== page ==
It's National Pi Day, what better reason than to celebrate with an extra special pie, made to measure for the person receiving it! Meant to say I Love You and you mean the world to me... and then it came to me, The Power of Pie. From the time we are little, at our Mother's knees, we can remember the occasion of pie coming out of the oven. Made just for us, with love, in all it's flaky goodness and chocolate creaminess with whipped cream clouds or jewel tones of cherry or berry... pie is good. In fact, pie is great. Make that special person in your life a pie, let it be warm when they walk in the door!

David Letterman's Mom's Strawberry Pie
1 9 inch pie shell -- baked
1/2 pt Strawberries, fresh -- Washed and hulled
1/2 c Granulated sugar
2 tb Cornstarch
3/4 c Orange juice
1/2 ts Red food coloring
Whipped cream
Mix sugar and cornstartch, then add orange juice and food coloring. Cook until clear. Add strawberries to glaze and pour mixture into pie shell. Serve with whipped cream.

Fall Apple Pie
Pie Crust:(Classic Crisco recipe)
This will make a double crust 9" pie
2 cups all purpose flour
1 teaspoon salt
3/4 cup well chilled Crisco Butter Flavor Shortening
(I use the Crisco Sticks - and use 3/4 stick)
4-8 Tablespoons ice cold water
Blend flour and salt in mixing bowl. Cut chilled shortening into cubes into flour mixture using pastry blender until mixture resembles coarse crumbs with pea sized pieces remaining.
Sprinkle 4 Tablespoons of water over mixture and stir with a fork. Add more water by the Tablespoon until dough holds together. It takes about 6-8 Tablespoons for me.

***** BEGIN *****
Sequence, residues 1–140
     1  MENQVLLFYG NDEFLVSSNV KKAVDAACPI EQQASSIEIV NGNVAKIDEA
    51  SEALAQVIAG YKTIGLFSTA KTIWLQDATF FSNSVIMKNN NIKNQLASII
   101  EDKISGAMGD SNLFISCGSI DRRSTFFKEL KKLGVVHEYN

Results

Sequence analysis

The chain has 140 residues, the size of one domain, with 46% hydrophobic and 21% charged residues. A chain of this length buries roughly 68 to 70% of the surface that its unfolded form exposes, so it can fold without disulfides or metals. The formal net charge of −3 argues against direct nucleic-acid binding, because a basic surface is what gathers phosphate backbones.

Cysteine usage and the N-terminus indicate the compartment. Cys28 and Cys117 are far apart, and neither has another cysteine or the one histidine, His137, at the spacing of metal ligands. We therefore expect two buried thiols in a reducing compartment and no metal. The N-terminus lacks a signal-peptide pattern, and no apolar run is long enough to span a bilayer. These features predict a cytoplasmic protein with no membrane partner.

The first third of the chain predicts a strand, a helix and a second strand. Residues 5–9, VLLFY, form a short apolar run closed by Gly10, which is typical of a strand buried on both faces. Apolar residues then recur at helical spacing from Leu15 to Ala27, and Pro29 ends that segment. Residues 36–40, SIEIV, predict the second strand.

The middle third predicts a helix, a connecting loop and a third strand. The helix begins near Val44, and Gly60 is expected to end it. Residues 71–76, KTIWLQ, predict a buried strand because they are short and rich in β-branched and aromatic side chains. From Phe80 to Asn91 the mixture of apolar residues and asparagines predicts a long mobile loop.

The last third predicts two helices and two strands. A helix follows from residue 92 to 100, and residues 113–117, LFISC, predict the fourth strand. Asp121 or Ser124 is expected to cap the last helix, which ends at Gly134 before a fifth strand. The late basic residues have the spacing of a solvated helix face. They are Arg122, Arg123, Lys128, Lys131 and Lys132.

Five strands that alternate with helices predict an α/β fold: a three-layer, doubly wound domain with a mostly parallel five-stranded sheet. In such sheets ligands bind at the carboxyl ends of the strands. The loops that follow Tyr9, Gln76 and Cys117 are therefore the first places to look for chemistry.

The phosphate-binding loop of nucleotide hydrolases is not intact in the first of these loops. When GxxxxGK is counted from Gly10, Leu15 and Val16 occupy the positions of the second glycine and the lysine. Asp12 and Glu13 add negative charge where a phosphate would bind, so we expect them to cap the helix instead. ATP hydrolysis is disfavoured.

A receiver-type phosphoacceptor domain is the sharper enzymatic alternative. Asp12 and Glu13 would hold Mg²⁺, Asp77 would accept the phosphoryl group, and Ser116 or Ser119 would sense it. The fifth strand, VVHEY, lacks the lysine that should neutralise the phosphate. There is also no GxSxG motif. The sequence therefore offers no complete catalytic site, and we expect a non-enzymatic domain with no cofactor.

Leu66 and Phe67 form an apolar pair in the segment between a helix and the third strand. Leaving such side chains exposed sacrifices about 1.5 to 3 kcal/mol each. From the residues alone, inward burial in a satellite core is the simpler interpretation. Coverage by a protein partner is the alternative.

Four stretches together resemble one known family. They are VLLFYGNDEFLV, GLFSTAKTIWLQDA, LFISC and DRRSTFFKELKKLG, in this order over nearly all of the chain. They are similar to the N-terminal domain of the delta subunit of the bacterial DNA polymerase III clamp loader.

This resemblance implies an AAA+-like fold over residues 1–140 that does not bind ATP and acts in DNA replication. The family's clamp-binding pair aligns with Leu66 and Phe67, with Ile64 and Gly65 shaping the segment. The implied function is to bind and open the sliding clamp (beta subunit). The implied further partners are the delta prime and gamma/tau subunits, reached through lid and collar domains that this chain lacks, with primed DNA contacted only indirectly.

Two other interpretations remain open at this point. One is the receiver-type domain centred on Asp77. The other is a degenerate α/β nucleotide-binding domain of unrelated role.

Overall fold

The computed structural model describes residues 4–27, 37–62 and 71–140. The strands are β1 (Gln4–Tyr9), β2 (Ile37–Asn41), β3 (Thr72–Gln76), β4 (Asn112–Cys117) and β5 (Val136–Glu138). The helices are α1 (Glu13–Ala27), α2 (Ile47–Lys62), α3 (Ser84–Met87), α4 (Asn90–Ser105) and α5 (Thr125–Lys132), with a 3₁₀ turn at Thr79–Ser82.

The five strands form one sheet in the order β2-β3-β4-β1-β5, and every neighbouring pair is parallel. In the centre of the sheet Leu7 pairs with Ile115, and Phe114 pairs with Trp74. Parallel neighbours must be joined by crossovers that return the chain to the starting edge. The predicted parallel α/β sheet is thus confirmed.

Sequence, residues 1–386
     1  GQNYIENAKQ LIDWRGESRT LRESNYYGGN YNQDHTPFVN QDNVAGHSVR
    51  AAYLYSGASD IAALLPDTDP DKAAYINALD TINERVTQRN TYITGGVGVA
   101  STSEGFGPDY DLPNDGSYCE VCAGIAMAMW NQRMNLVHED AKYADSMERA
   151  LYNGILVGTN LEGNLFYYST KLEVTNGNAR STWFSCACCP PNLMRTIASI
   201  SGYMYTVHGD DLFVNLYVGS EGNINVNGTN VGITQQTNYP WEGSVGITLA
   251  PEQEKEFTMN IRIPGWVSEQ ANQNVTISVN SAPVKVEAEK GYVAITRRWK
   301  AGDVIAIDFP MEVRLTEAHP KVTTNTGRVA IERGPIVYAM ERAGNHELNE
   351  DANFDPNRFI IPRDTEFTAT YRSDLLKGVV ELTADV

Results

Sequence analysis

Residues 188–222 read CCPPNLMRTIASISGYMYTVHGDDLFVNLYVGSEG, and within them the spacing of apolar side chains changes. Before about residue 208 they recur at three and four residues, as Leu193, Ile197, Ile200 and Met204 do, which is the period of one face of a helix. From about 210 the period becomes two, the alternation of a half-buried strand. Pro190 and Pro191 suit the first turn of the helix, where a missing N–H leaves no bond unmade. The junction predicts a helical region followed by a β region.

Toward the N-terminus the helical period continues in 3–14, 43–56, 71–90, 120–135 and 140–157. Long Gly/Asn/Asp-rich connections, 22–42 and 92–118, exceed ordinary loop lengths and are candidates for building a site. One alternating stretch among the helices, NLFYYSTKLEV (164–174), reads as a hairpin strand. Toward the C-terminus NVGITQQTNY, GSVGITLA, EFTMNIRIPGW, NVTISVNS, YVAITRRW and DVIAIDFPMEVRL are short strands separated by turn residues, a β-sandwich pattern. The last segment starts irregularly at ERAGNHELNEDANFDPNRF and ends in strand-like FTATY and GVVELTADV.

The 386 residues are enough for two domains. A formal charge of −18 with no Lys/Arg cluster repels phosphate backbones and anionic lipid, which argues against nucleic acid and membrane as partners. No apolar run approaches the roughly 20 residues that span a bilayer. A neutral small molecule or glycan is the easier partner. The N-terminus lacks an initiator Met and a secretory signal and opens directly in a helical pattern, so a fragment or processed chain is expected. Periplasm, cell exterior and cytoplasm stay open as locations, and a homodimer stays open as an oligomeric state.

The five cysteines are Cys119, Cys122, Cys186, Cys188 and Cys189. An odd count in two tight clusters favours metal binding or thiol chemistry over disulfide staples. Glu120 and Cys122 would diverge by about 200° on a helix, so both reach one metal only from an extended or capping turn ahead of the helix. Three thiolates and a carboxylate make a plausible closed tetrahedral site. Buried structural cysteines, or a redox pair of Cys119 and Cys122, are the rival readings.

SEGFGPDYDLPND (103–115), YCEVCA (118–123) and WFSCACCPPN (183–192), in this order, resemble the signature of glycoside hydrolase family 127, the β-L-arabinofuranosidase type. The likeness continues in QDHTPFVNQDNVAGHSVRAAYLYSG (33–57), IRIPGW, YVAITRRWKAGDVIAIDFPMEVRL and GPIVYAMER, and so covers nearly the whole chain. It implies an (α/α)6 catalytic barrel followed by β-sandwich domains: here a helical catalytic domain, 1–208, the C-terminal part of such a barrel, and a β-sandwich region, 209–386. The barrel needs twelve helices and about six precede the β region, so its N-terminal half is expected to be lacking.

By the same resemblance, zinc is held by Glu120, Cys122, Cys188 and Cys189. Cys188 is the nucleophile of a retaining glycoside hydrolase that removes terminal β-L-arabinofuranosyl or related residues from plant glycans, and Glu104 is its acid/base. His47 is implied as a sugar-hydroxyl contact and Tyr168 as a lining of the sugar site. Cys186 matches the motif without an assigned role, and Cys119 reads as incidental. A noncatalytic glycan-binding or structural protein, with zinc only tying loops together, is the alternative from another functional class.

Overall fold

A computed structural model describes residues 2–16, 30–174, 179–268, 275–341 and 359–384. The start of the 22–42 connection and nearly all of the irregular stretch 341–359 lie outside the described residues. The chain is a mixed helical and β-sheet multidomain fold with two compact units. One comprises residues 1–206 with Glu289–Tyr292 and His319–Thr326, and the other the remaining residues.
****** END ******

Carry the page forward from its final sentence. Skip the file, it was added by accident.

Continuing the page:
Divide dough in two with one ball slightly larger than the other. At this point, I place back in my mixing bowl (both balls of dough) covered with plastic wrap and chill for 30 minutes. Remove dough from refrigerator and place larger ball of dough onto floured surface. Using floured rolling pin roll dough into a circle until about 2" wider than the pie plate. Ease bottom crust into pie plate and trim evenly around plate. Fill with pie filling (recipe will follow). Roll top pie crust, lift onto filled pie. Trim dough with 3/4" overhand; fold top edge under bottom crust. Press edges together and flute. Cut slits in top crust.
Apple Pie Filling:
8 cups sliced apples (This was 6 large apples for me)
1 cup splenda or regular granulated sugar
3/4 teaspoon cinnamon
1/4 teaspoon nutmeg
1/8 teaspoon salt
3 Tablespoons cornstarch
1 Tablespoon Lemon Juice
Pre-heat oven to375 degrees. Place apples in large bowl. Stir sugar, spices, cornstarch, and lemon juice into apples. Pour apple filling into bottom pie crust. Dot with 1 tablespoon butter (break butter into small pieces all over top of pie filling) and cover with top pie crust. Crimp edges. I normally cover the crust with tinfoil the first 40 minutes of baking, remove foil and continue to bake for 20 minutes more.